To successfully implement kanban scheduling, use a team. The team will ensure buy-in from the people that must operate the kanban while making sure that unique aspects of the process are considered .
This team needs to be cross-functional and contain representation from all the stakeholders. Definite team members include:
Operators (last but not least)
Other groups to consider for membership include human relations, engineering maintenance, sales/customer service, downstream customer(s), and trainees for future kanban projects.
Make the decision on what additional members to add based on their ability to contribute to the process. In the case of including external customers on the team, consider their potential contribution, the opportunity to enhance the supply chain, the potential to develop strategic alliances, and the current state of your relationship.
In conjunction with forming the team, appoint a project leader to oversee execution of the project. Make sure this person understands their mission and their level of authority.
Kick off the team by assigning roles and setting up team rules. The project leader is not the only person who should have team responsibilities.
Once the team members have established their roles and rules, they need to develop a schedule and a budget. Ideally, the implementation timeframe should not be greater than one month. When the team has completed the administrative task, it is time to begin the implementation process. The first step should be kanban training. This training should explain the concept and offer practical examples of successful implementation. If you are just starting out with kanban, then you may need a consultant to conduct this training.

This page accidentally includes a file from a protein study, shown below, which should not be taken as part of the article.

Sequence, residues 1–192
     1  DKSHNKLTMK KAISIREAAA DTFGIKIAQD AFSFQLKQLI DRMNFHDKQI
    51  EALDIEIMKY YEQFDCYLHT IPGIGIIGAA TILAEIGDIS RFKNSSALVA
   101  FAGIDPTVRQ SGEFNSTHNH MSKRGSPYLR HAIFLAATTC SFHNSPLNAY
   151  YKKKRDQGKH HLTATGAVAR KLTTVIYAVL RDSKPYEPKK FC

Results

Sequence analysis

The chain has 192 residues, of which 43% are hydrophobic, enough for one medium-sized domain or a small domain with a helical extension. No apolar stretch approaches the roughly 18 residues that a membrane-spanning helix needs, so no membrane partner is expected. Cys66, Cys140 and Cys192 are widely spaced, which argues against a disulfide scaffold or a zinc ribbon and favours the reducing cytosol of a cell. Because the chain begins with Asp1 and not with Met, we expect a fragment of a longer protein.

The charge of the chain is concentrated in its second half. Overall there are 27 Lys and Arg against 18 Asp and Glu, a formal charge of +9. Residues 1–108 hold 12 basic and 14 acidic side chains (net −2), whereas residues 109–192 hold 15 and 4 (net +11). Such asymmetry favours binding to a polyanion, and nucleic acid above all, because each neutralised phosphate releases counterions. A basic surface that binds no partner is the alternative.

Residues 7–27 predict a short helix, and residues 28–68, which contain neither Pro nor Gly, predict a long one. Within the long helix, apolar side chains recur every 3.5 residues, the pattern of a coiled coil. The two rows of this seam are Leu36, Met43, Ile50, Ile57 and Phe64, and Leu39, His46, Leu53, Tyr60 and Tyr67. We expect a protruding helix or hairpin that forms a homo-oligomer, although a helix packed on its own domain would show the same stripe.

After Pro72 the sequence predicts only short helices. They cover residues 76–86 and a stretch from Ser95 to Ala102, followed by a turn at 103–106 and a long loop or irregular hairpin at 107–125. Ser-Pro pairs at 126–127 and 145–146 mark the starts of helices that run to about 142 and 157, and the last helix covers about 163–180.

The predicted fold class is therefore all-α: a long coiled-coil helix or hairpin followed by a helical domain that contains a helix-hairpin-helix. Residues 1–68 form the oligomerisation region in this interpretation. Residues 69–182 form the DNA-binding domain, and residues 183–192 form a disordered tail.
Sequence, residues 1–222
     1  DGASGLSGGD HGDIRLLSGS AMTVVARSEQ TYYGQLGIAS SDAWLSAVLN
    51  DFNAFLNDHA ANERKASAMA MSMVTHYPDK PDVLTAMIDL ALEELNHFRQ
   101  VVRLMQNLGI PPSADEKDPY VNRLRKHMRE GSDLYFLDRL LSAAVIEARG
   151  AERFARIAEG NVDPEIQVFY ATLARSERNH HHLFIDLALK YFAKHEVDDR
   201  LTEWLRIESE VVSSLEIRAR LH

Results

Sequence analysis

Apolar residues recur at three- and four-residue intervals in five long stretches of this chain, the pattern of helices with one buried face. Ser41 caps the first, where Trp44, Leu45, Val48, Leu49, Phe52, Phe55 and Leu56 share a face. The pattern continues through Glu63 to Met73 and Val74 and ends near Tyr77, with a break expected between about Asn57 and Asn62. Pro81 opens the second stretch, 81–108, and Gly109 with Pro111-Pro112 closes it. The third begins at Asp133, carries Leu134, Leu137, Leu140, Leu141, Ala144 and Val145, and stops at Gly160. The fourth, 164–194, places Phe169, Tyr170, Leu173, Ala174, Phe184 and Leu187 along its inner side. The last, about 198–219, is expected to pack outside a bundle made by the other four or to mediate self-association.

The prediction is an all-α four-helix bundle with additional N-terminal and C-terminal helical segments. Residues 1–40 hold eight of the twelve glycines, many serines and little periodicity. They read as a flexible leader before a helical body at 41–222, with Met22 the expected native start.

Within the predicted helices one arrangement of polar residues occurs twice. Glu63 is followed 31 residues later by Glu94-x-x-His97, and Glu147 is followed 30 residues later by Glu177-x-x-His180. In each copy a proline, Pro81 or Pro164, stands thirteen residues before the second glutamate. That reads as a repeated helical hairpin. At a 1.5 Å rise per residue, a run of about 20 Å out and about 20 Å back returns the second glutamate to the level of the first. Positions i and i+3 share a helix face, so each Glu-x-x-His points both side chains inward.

Finally, top management represents the last brick in the team formulation process. Top management must demonstrate their support for the implementation. They must prevent resistance to change from creeping in and destroying the project. They should deal with those individuals who put up roadblocks by making these individuals responsible for developing and implementing solutions (which support the project timeframe). If top management cannot demonstrate their support, then reconsider kanban implementation.
Chapter 3: Conduct Data Collection
When thinking about kanban, many people get a cold shiver and fear that they will be changing over their production process every ten minutes with excessive scrap and downtime. They think this because they lack experience in kanban and they assume that kanban is an end unto itself. Kanban is an execution system that helps control the process schedule based on actual demand. Kanban is not a magic demon that makes you do dumb things against your will. If these fears do materialize, it is usually because the organization designed a system that was not based on the realities of their current operation.
Therefore, to avoid your own personal nightmare, start the kanban process by documenting your current state. Using the team, take a snapshot in time of your operating parameters, inventory, etc. Look at your organization as it is, not as you want it to be. When you have the data collected, summarize the data to understand the current state in preparation for calculating the kanban. We will use the data gathered in this chapter to calculate the size of the kanban in Chapter 4. Figure 3-1 graphically depicts this relationship.
Figure 3-1: The Data Collection Process.
Use this two-step process to ensure you have the necessary data for sizing the kanban in Chapter 4:
Analyze the data
To further assist in the data collection process, we will present a data collection form and two examples to help explain the process.